The results of the detailed seismoacoustic profilling (CSP, boomar) are presented. The investigation has been carried out in February 1985 and 1988 during two Geodynamical Expeditions organized by the Institute of Geophysics of the Polish Academy of Sciences. The boomar penetration of the caldera floor went down to 150 msec. Four seismoacoustic units of volcanic formations have been determined. The unit A corresponds to pre-caldera series and occurred only in the border part of the flooded caldera. The unit contains mainly pyroclastic rocks (consolidated agglomerates and tuffs) and probably some intercalations of lavas. The units B, C and D fill up the caldera bottom and correspond to post-caldera series. The units are composed of pyroclastic rocks, containing also materials redeposited by lahars, glaciers, landwaters and by wind. The units C and D (the youngest one) were certainly deposited under water. All the units are cut by numerous faults, vents and other types of intrusions. The larger faults, en echelon type, are situated around the bottom and form a ring-fracture. Caldera was formed by succesive stages of collapsing. This process is not finished yet and volcanic activity is still alive (especially in the western part of the flooded caldera).
On the ground of results obtained by the seismoacoustic profiling carried out in 1985 and primary examination of core samples the following main seismoacoustic units are distinguished and characterized: unit A — bedrock, unit B — till and/or compacted glaciomarine deposit, unit C — glaciomarine ice-front deposit, unit D — glaciomarine mud. These results enabled to present the distribution of seismoacoustic units along the fiord and its extension on the shelf, as well as to determine a relation of bottom structures to Late Vistulian(?) deglaciation and the action of Holocene tributary glaciers, probably during the Little Ice Age. The position of marginal structures corresponding to local retreat stages of the glacier front is also presented.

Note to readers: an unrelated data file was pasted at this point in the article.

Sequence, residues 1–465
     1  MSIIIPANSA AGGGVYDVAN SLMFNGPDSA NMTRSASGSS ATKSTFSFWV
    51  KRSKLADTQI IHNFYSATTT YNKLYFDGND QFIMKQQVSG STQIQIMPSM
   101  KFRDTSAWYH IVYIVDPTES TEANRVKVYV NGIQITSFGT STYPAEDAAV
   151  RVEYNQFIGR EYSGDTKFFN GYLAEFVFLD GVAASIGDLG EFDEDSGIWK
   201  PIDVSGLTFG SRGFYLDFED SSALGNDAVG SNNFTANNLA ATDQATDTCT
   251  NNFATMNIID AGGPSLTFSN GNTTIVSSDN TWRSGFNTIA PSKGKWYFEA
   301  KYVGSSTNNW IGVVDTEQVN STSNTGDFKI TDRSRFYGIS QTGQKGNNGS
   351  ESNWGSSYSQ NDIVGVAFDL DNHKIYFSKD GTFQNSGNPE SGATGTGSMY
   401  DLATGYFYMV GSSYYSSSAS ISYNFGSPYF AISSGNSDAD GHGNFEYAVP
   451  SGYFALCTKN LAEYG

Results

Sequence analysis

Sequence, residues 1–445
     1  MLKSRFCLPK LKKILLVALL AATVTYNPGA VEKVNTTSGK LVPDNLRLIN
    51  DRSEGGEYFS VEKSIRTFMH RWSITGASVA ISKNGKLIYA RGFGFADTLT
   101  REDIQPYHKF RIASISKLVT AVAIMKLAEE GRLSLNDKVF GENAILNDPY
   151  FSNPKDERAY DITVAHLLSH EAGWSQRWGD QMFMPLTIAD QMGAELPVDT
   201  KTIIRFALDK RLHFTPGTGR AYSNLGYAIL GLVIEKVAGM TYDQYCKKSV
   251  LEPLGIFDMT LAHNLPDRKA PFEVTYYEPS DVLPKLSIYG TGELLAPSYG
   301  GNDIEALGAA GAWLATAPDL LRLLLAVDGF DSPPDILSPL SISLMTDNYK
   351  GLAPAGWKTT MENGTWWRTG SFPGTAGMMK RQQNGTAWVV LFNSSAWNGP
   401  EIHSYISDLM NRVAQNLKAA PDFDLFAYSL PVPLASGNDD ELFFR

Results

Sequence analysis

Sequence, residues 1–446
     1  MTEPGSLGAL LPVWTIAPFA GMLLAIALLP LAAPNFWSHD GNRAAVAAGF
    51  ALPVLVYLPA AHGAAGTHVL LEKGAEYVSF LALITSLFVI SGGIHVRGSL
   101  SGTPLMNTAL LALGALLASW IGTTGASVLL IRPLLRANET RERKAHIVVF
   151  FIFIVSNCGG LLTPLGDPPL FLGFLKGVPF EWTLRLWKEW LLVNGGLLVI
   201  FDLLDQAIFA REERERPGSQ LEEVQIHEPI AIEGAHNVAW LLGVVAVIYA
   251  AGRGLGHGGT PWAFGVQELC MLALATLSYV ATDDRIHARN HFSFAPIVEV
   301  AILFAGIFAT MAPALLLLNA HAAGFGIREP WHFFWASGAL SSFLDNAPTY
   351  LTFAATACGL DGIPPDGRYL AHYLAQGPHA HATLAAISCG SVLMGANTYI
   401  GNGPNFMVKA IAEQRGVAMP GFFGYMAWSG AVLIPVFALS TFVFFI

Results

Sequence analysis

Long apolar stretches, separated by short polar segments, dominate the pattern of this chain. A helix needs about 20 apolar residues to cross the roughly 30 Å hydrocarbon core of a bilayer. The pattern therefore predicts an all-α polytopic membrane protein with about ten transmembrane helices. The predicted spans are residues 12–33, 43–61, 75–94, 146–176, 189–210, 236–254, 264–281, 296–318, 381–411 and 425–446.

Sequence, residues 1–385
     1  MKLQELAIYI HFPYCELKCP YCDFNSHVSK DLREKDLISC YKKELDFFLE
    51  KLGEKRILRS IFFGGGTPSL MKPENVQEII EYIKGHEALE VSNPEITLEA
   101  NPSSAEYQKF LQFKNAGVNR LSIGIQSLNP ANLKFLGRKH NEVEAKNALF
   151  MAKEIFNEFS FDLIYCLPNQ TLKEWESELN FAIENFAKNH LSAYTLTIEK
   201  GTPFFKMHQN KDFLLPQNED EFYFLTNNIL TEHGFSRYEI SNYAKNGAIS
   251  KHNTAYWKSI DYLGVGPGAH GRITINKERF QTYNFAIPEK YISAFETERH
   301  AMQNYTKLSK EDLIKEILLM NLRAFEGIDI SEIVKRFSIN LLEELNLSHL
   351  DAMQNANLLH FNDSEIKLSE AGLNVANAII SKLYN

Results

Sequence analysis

A sea floor investigation was performed in the fiord of Hornsund by means of the seismoacoustic profiling, echosounding and core sampling. The main seismoacoustic sea floor units were recognized (the methods used according to Kowalewski et al. 1987a) and characterized on the basis of their relations to geomorphology and geological evolution. The bathymetrical sketch and the resulting geomorphological description of the bottom were prepared. The surface of the sea bottom and the surface of the bedrock displayed an irregular high relief with large sills dividing the fiord sea floor into several basins. Four main types of the sills were distinguished: burried sills, accumulative sills, rock sills and rock-accumulative sills. Within the internal Basins I and II there were thick (up to 170 m) covers of the glaciomarine ice-front deposit with changing thin ( 1 -5 m) blanket of the glaciomarine muds at the bottom surface. The Basin III had a cover of the glacial and glaciomarine deposits of variable lithology, genesis and age. The most external Basin IV had a cover o f glaciomarine muds up to 4 0 - 5 0 m thick, deposited on the tills. Four main glacial episodes were recognized, most probably referring to the stadials of Lisbetdalen, Slaklidalen, Revdalen and to the Little Ice Age.
The paper presents results of investigations of bottom sediments in Hornsund, Wijdefjorden and Isfjorden as well as of the shelf around the Bjornoya. carried out in 1982—1985 by a continuous seismic profiling. Geophysic structures and bottom sediments on the bedrock to a depth of 170 ms have been recognized, particularly in the Hornsund region. The following seismoacoustic units have been distinguished: unit A — bedrock, unit В — till and/or compacted glaciogenic deposit, unit С — glaciomarine ice-front deposit, unit D — glaciomarine mud. These results allowed to present a model of glaciomarine sedimentation in a fiord, fed by warm tidewater glaciers.